Post image for Austria’s Oswald Oberhuber: A Lifetime of Unstoppable Art-Making, Observed

VIENNA, AUSTRIA — Achtung, baby! The time has come for a comprehensive examination of the wildly diverse, voluminous oeuvre of the Austrian modern artist Oswald Oberhuber.

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Post image for When Art Spills Beyond Its Curatorial Frames

There has been a good deal of conversation in the last few years around the subject of Congressional district gerrymandering, a process by which the boundaries of an electoral constituency are manipulated to favor a political party or a class.

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Post image for JR’s Photoshop Trompe l’Oeil at the Louvre

PARIS — We have long loved our illusions.

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What Urban Landscapes Leave Behind

by Seph Rodney on June 24, 2016

Post image for What Urban Landscapes Leave Behind

In some ways it makes sense that Valeri Larko, a committed plein air painter, would have an exhibition, Bronx Focus: Paintings by Valeri Larko, at the Bronx Museum of the Arts that essentially chronicles the changing landscape of the borough.

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Post image for Weaving Together Current Events, with a Touch of Fantasy

Here we are, it’s June — exam time. A prompt from the art history final: “Discuss an example of a ‘history painting’ that depicted current events. What would ‘history painting’ look like in the present?”

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Post image for The 9th Berlin Biennale: A Vast Obsolescent Pageant of Irrelevance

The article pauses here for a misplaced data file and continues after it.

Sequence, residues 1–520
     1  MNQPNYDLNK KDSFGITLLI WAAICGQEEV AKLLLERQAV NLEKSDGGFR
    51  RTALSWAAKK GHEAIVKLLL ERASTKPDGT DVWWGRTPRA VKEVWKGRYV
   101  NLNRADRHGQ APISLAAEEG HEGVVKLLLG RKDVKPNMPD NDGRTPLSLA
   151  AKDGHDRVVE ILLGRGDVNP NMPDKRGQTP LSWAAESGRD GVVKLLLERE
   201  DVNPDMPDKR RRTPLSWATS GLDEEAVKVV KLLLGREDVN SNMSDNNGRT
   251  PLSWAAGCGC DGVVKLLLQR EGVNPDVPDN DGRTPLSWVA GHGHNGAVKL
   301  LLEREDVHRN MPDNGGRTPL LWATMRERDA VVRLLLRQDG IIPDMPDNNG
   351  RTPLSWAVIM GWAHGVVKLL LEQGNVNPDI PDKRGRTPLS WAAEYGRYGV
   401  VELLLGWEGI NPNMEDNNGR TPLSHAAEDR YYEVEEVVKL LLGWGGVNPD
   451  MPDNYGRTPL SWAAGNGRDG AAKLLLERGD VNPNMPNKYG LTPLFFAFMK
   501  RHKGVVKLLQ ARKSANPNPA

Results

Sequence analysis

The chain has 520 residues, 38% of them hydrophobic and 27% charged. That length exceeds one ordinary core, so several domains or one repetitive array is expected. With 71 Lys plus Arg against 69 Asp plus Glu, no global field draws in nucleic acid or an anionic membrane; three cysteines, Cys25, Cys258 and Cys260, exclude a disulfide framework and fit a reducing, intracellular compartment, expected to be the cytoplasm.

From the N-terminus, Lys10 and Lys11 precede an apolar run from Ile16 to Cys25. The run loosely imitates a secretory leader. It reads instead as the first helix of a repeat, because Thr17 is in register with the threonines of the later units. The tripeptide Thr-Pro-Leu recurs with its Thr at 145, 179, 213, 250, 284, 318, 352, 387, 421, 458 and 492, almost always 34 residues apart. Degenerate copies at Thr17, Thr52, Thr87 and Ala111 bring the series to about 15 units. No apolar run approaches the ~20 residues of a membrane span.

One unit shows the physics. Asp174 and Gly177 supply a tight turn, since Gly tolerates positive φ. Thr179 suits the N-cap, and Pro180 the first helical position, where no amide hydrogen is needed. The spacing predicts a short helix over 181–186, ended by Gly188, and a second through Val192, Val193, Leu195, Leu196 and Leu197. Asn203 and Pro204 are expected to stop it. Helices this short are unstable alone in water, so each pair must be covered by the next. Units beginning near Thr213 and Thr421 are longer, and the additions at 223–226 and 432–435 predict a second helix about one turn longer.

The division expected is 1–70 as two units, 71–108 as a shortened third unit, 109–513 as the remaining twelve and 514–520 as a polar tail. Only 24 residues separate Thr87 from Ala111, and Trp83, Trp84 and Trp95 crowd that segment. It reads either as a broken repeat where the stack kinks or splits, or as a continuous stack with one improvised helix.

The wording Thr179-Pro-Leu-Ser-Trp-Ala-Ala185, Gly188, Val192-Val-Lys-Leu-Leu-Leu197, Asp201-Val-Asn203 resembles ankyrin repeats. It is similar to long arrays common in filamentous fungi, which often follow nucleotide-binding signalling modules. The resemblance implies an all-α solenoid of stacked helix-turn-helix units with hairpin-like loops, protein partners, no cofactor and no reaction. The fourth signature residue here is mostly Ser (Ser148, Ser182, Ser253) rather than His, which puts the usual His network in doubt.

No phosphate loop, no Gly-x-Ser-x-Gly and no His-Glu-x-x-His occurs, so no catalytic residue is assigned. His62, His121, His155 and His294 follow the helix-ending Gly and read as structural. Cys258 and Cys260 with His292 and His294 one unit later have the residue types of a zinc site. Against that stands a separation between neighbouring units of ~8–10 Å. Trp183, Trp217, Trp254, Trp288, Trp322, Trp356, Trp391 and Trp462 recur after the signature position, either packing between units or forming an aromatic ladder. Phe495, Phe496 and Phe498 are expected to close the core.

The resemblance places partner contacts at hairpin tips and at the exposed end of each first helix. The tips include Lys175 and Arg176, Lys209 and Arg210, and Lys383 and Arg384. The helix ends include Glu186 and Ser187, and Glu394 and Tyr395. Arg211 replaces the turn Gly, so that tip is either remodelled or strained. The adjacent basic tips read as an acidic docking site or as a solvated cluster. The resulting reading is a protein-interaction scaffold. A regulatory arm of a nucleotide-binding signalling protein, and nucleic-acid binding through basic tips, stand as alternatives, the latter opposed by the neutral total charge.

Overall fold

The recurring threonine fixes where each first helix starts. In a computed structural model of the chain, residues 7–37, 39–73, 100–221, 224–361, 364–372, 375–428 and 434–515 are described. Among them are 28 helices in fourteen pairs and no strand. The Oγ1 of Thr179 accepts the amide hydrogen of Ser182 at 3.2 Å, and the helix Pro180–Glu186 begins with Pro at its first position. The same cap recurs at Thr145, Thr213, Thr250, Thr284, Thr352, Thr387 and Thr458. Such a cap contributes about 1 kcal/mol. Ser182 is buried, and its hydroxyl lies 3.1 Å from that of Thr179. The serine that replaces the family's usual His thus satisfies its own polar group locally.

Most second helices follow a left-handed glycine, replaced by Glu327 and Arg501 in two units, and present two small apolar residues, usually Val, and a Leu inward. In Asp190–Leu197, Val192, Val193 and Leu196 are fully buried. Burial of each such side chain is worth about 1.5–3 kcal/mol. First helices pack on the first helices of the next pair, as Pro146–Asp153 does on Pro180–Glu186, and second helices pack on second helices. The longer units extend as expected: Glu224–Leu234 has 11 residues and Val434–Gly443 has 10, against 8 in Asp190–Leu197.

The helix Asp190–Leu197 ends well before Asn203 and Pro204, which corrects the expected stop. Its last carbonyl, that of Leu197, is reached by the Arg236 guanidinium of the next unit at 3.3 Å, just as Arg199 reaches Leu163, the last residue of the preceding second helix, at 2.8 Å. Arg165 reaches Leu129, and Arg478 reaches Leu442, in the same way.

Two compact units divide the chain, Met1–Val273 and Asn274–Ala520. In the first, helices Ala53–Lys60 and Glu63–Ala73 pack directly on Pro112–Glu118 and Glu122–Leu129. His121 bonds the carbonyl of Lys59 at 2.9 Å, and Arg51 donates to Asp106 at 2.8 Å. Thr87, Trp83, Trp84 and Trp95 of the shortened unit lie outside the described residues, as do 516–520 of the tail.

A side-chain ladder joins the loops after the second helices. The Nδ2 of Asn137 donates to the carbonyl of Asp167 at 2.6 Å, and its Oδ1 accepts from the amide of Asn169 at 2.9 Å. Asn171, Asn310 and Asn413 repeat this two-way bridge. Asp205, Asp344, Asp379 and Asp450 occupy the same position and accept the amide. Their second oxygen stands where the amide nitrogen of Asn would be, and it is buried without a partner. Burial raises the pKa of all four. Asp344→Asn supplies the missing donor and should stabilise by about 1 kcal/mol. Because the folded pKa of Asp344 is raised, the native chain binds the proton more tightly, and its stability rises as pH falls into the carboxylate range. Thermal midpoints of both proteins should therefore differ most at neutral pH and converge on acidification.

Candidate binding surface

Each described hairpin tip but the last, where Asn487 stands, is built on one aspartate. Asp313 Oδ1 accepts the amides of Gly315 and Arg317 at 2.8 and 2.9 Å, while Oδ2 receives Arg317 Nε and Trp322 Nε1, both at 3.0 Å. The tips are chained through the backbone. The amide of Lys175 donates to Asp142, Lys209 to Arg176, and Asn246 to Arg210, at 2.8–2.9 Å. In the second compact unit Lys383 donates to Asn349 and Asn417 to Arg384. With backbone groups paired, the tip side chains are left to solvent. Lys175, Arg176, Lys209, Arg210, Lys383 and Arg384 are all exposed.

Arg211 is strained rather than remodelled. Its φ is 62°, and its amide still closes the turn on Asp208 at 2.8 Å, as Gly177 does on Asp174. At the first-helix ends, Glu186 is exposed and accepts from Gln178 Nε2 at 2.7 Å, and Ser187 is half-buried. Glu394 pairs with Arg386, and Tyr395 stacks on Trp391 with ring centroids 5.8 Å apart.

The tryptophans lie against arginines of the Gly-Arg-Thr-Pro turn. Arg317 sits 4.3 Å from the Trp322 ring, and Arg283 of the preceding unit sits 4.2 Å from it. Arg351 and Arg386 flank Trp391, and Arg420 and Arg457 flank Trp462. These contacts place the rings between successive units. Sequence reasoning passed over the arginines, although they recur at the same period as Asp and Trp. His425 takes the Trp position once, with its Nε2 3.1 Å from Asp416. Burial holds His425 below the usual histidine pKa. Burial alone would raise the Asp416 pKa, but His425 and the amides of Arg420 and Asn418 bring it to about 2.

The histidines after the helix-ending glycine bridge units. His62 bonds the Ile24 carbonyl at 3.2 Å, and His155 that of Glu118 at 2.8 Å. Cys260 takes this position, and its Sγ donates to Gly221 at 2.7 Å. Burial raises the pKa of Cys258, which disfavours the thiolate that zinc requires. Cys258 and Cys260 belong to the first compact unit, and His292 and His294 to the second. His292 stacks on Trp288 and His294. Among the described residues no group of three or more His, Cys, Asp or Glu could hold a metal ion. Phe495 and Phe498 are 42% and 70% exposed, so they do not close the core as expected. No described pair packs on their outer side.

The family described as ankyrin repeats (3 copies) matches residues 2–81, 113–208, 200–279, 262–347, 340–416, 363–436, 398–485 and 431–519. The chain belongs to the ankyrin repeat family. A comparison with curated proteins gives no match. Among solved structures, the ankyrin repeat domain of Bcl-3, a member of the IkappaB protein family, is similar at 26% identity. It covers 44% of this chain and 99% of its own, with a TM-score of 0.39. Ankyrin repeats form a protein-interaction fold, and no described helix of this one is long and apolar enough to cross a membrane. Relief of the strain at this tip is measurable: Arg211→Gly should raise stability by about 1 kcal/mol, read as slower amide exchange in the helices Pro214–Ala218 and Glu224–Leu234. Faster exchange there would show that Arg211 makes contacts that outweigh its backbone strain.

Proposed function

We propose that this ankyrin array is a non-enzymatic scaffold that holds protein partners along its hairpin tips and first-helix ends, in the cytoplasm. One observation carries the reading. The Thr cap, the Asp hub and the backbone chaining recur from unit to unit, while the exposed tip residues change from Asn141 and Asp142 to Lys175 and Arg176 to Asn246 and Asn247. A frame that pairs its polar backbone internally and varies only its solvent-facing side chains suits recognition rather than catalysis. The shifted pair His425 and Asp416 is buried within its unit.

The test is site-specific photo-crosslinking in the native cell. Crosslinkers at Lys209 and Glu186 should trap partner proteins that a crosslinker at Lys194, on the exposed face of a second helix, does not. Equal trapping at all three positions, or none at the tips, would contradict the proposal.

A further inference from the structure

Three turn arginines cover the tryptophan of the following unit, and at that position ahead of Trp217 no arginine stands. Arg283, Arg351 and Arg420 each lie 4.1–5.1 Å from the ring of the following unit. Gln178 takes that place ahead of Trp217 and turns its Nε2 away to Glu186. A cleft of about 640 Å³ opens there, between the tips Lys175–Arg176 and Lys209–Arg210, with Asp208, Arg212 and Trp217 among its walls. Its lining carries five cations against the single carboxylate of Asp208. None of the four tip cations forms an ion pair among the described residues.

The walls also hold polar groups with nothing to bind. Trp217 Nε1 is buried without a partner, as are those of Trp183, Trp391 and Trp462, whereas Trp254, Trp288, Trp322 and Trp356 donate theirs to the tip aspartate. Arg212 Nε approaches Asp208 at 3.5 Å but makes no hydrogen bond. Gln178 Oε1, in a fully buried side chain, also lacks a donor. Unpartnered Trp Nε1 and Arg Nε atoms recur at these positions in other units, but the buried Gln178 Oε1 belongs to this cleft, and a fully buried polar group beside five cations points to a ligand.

BERLIN — BB9 is so vacuous, ideologically apathetic, ahistorical, sarcastic, and dehumanizing, it’s a wonder it hasn’t been blacklisted solely on account of its conformity to commodity fetishism.

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Post image for The Hazy Chronicles of a CIA-backed Coup

Historical exhibitions tend to consistently draw large audiences — the curious, scholars, or just those who like a cracking good story.

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Post image for A Digital Reboot of Félix González-Torres’s Memorial to Victims of Gun Violence

Artworld polymath Greg Allen has made an odd, ritualistic, perhaps metaphorical memorial.

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Post image for The Lasting Effects of a Broken Home in a Follow-Up to a 1983 Documentary

Martin Bell’s Streetwise (1984) endures. It’s a documentary that has spawned countless discussions on homeless children over the years.

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Post image for Death and Death and Death by Warhol

Venus Over Manhattan is sparely hung, dimly lit, and cavernous. The mood is somber, appropriate to 1% big money ventures and for contemplating 18 versions of Andy Warhol’s sinister “Little Electric Chair” (1964) canvases.

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